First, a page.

For a country of only some 4.3 million inhabitants, New Zealand has a vibrant media scene. Auckland claims to have more radio stations per capita than any other city in the world, and magazine racks are crammed with Kiwi-produced weeklies and monthlies. The standard of media coverage sometimes leaves a little to be desired, but for the most part this is a well-informed country with sophisticated tastes. Online, a good starting point is wpublicaddress.net, the leading Kiwi blog site.
New Zealanders receive five main free-to-air broadcast channels, a handful of local channels and Sky TV (which you’ll find in most motels).
The biggest broadcaster is the state-owned TVNZ, which operates two advertising-heavy channels. TV ONE has slightly older and more information-based programming while TV2 is younger and more entertainment-oriented. Both channels present a diet of local news, current affairs, sport, drama and entertainment, plus a slew of US, British and Australian programmes: you’ll find most of your favourites, often three to six months behind. Visitors may already be acquainted with long-running, home-grown Kiwi soap opera, Shortland Street, set in the fictional suburb of Ferndale in Auckland.
The main opposition comes from TV3, which pitches itself roughly between TV ONE and TV2, and Prime, backed by Sky TV, which often has quirkier programming.
Maori TV launched in 2004 with substantial government support (though it also has ads). Broadcasting in Maori and English, it promotes the language and culture but is far from a stuffy educational channel. Along with good movies and engaging Maori language lessons, you might catch Maori cooking shows, lifestyle makeovers, sitcoms and Maori angles on news, current affairs and sport.
New Zealand has few countrywide radio stations, but syndication means that some commercial stations can be heard in many parts of the country, with local commercials. All websites listed stream the channel over the internet.
For news, current affairs and a thoughtful look at the arts and music, tune into the government-funded Radio New Zealand National (101.0–101.6 FM; wradionz.co.nz), which is the nearest New Zealand gets to, say, NPR or BBC Radio 4. You’ll pick it up most places, though there are blank spots. Its sister station, Radio New Zealand Concert (89–100 FM), concentrates on classical music.
Though often amateurish, student radio stations provide excellent and varied “alternative” listening in their home cities. In Auckland tune to bFM (95.0; w95bfm.co.nz); in Wellington to Active (89.0; wradioactive.co.nz); in Christchurch to RDU (98.5; wrdu.org.nz); and in Dunedin to Radio One (91.0; wr1.co.nz).
The rest of the airwaves are clogged by commercial stations: keep an ear out for KiwiFM (102.1–102.5; whttp://www.kiwifm.co.nz), predominantly Kiwi music to Auckland, Wellington and Canterbury.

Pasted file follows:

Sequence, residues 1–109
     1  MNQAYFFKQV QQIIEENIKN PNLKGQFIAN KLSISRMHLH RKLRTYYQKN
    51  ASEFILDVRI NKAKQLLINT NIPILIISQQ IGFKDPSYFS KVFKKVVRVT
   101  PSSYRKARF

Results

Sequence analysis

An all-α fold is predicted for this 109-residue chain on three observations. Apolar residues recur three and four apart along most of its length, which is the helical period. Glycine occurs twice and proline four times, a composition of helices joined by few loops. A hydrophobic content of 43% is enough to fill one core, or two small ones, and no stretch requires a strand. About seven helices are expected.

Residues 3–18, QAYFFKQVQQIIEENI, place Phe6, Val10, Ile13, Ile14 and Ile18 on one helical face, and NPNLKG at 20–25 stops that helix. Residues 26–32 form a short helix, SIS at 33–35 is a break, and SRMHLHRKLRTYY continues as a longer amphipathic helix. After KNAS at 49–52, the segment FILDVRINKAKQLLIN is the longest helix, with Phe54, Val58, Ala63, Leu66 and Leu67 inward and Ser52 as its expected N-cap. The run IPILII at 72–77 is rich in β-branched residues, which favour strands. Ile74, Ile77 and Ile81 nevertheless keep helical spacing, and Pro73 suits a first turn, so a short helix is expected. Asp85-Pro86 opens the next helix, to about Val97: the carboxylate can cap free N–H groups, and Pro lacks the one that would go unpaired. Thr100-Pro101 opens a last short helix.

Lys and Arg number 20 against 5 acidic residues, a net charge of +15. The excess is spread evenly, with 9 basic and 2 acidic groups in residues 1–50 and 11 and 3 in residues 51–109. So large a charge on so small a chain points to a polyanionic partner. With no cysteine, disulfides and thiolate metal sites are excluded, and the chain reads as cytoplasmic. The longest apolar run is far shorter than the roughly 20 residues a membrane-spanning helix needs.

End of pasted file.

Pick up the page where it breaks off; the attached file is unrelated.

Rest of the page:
Newspapers and magazines
New Zealand has no national daily newspaper, but rather four major regional papers (all published Mon–Sat mornings) as well as a plethora of minor rags of mostly local interest. All are politically fairly neutral. The North Island is shared between the Auckland-based New Zealand Herald (
wnzherald.co.nz) and Wellington’s Dominion Post (wdompost.co.nz), while The Press (wstuff.co.nz) covers Christchurch and its environs, and the Otago Daily Times (wodt.co.nz) serves the far south of the country. All offer a pretty decent selection of national and international news, sport and reviews, often relying heavily on wire services and syndication deals with major British and American newspapers. On Sunday, check out the tabloid-style Sunday News; the superior, broadsheet Sunday Star-Times; or Auckland’s Herald on Sunday.
Kiwi newspaper journalists get little scope for imaginative or investigative journalism, though the broad-ranging and slightly left-leaning weekly magazine the Listener (wlistener.co.nz) does its best. With coverage of politics, art, music, TV, radio, books, science, travel, architecture and much more, it’s perhaps the best overall insight into what makes New Zealand tick.
Topics are covered in greater depth in the nationwide monthly North and South, though for an insight into the aspirations of Aucklanders you might be better off with the snappier glossy, Metro.
Specialist magazines cover the range: Wilderness (wwildernessmag.co.nz) has a good spread of tramping, kayaking, climbing and mountain biking, and Real Groove is the best of the general music mags.
The bi-monthly Mana (wmanaonline.co.nz) pitches itself as “the Maori news magazine for all New Zealanders”, and gives an insight into what sometimes seems like a parallel world barely acknowledged by the mainstream media. It is in English, but comes peppered with Maori words and concepts, with a convenient glossary.